I must have had one watching this tripe . . .
Well, that was what I thought I was going to say.
Regardless of what I think of the man, Bruce Willis can still hold his own in this violent revenge flick.
Dr Paul Kersey (Bruce Willis) is an experienced trauma surgeon, a man who has spent his life saving lives. After an attack on his family, Paul embarks on his own mission for justice.
After the ghastly ratings, I expected something really dire. Being a fan of the original cult crime classic, I wasn’t the happiest to hear of a remake. I mean who could top the icon that was Charles Bronson?! BUT I found this latest rehash surprisingly watchable.
The rapid opening sequence (with a fantastic panning shot) riddled with reports of shootings all over Detroit spoke volumes. Finger on the pulse stuff for a generic shoot-em-up. Especially with what’s been happening with gun crime in the US.
Willis’ robotic introduction didn’t give me high hopes . . . At first. He was always going to have a tough act to follow. BUT it added a degree of cynicism to the surgeon as he apologised to the copper whose partner he couldn’t save. And then moved over to the next bed and saved the monster who killed him.
The family melodrama was incredibly cheesy BUT easy going enough as we waited for the inevitable to happen.
The pacing did leave a little to be desired BUT I wasn’t bored. I liked the fact that Kersey didn’t turn into a stone cold killer straight away. A slow burning montage showed a gradual transformation as this down beaten man grew frustrated with the system and his psychiatrist (Wendy Crewson – Air Force One).
Dean Norris was literally playing Hank from Breaking Bad as Detective Raines. Tied by the rules and hoping for the best.
It took a good 40 minutes before Kersey began his vigilante spree. Donning his Unbreakable hoodie and terrorising the streets.
I was a little sceptical that the tone felt as muddled as its message. It may have raised debates about gun crime and vigilantism BUT it was a bit hard to be taken seriously when Willis would then shoot a drug dealer to a bloody pulp in the next frame.
A scene between Kersey and his father in law (Len Cariou – Blue Bloods) was incredibly hammy as the old boy fended off some poachers and preached about “a man defending his own”. Yawn.
The mismatched song choices killed off the seriousness of certain scenes. Using YouTube to learn how to shoot and assemble guns to AC/DC’s ‘Back in Black’ spoiled what could have been a satirical boiling point.
However, the consumerization of gun culture was brilliantly encapsulated with Bethany, the sales girl at the Jolly Rogers’ gun emporium: “Easy forms to fill, nobody ever fails gun safety class, 100 per cent American made”. Talking about weapons like they were new cars. Kersey’s smirk at such hypocrisy said it all.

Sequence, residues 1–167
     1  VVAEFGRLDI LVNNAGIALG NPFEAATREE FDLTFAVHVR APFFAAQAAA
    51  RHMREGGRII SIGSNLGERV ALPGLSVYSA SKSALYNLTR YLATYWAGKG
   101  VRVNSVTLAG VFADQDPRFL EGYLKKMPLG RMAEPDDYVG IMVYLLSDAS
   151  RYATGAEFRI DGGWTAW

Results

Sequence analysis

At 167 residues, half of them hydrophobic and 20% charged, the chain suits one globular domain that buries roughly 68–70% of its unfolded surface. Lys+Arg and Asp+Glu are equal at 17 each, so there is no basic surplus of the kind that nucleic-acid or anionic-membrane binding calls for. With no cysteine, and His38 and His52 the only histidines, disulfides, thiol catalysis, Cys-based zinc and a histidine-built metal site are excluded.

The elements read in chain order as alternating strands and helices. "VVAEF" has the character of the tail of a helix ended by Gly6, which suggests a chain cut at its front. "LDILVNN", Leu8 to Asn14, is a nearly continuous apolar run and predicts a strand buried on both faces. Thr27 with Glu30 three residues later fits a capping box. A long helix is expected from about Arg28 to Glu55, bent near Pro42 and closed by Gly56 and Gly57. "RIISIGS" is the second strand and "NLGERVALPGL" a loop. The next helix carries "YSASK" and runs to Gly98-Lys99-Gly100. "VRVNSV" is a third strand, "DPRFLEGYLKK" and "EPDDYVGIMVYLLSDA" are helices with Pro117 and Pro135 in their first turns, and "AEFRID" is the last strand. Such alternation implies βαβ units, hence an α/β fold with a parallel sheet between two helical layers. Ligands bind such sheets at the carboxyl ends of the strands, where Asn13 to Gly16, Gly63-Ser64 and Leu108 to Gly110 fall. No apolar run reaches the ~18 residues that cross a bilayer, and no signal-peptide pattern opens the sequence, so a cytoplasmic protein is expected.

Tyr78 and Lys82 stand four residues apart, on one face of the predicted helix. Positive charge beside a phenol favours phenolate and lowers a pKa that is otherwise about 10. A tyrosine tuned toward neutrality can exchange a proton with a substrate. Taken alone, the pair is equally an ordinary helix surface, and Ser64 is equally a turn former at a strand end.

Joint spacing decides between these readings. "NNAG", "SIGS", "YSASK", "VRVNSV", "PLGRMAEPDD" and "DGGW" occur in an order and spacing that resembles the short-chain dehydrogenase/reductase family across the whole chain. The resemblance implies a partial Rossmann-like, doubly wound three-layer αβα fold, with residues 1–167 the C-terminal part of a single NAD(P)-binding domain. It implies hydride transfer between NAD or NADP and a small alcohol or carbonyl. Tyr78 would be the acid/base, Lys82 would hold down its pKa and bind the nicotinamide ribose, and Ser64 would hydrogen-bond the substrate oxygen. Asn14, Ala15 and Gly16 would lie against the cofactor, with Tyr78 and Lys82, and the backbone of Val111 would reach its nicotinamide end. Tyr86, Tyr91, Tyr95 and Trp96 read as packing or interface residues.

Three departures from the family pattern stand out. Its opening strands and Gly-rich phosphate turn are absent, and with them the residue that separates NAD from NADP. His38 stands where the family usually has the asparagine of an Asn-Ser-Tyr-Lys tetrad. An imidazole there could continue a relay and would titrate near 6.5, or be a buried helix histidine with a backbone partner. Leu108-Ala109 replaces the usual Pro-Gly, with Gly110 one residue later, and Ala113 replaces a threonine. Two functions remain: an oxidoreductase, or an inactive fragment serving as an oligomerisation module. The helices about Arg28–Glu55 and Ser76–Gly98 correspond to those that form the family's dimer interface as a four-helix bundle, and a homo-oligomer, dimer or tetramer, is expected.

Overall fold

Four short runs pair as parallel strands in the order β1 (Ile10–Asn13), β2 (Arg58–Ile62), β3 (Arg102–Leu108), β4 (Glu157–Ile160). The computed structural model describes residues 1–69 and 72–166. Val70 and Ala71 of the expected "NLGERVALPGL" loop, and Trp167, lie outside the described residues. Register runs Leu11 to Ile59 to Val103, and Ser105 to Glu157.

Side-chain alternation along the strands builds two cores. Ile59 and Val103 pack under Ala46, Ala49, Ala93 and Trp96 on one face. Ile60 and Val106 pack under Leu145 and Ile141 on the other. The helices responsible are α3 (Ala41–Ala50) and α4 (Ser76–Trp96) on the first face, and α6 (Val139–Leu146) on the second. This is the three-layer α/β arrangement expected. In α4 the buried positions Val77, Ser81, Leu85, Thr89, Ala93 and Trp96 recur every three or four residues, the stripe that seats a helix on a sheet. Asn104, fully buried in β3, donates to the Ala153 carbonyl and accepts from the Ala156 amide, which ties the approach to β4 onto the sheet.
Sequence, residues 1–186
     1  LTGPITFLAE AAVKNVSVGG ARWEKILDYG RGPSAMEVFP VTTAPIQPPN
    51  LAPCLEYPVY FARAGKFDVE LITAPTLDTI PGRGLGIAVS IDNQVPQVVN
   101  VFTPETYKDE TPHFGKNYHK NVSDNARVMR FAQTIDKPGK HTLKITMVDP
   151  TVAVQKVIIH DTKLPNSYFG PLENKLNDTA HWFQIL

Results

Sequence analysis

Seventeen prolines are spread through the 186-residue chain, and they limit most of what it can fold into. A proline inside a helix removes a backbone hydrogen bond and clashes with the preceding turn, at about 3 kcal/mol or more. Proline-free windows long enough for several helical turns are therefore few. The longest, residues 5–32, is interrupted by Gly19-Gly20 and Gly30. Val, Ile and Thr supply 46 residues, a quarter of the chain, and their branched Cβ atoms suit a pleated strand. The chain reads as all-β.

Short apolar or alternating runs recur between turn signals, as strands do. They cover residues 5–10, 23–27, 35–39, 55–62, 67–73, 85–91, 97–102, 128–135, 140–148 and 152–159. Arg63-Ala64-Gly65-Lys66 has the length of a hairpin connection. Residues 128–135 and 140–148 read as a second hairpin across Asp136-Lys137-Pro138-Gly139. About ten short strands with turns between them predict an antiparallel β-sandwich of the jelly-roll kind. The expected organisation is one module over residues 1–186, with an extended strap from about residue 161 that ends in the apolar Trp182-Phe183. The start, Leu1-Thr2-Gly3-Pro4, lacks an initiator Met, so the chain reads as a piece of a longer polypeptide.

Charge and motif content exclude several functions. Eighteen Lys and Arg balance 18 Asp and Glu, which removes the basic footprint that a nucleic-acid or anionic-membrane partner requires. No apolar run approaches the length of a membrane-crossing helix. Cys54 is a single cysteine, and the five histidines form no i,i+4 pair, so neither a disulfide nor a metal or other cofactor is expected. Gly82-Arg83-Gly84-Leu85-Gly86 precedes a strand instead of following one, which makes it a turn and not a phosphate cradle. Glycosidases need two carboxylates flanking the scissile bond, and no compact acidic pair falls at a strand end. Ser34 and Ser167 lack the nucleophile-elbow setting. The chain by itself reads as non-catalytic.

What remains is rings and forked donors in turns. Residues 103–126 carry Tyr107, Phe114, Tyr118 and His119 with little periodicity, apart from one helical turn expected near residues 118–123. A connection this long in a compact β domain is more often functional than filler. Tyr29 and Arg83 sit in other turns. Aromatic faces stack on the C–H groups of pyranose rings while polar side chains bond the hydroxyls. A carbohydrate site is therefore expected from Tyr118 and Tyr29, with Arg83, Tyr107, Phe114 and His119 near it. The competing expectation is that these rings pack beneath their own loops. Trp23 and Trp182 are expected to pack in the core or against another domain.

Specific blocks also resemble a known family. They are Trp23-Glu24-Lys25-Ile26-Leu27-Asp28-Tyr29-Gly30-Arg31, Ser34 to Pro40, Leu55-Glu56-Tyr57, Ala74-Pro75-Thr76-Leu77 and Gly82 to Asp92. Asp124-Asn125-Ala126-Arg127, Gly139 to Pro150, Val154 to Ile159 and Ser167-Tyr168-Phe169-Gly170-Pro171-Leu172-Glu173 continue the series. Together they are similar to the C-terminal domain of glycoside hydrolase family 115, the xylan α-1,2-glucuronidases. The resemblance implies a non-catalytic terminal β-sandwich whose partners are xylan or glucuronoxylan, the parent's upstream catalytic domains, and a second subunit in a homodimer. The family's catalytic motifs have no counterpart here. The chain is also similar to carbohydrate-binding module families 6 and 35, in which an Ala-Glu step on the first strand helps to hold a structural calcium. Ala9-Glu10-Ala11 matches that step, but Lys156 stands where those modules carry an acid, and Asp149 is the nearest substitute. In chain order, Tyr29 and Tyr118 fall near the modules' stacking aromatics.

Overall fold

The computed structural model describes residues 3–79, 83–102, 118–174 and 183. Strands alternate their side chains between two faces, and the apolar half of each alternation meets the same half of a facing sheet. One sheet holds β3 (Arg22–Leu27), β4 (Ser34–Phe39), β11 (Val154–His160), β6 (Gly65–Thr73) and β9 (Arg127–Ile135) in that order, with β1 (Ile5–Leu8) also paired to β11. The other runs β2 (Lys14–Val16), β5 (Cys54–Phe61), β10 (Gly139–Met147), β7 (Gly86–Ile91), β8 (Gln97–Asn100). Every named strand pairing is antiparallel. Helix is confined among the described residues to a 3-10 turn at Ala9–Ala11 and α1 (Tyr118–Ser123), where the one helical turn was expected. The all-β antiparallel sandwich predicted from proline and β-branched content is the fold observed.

The vengeance spree was violent enough as the vigilante ‘honed his craft’. Working his way through the food chain. Looking for the ones who tore his family apart. An unsavoury interrogation with a shady car mechanic did not make for easy viewing after just eating a big ol’ bowl of spaghetti. That’s all I’m saying.
To be honest, I was more surprised at how ‘tame’ this really was. Especially when the director at the helm was Eli “Hostel” Roth. Normally the master of disgust BUT I was relieved to see that NOT everything was taken from the original i.e. the unsavoury rape scene.
It is what is. A violent actioner. Willis held his own and carried the film. It killed the time and deliver what I expected.
It wasn’t perfect and the kills were hardly memorable. I still remember Bronson’s newspaper kill (No, he didn’t kill a guy with a newspaper). BUT nowhere near as unmemorable as Wendy Crewson’s psychiatrist or Vincent D’Onofrio as Kersey’s useless (and incredibly annoying) brother-in-law. Nothing more than a meaningless red herring.
You could pick at the fact that if the police were looking for a vigilante in a dark hoodie, you wouldn’t walk into a public nightclub in said garb with pistol in tow. Come on!
BUT despite the muddled politics and mismatched tone, did we really expect this to be anything other a bloody shoot-em-up?
I just wish that cheeky trigger pose didn’t come off so tacky. Sorry, McClane. Charles Bronson, you ain’t.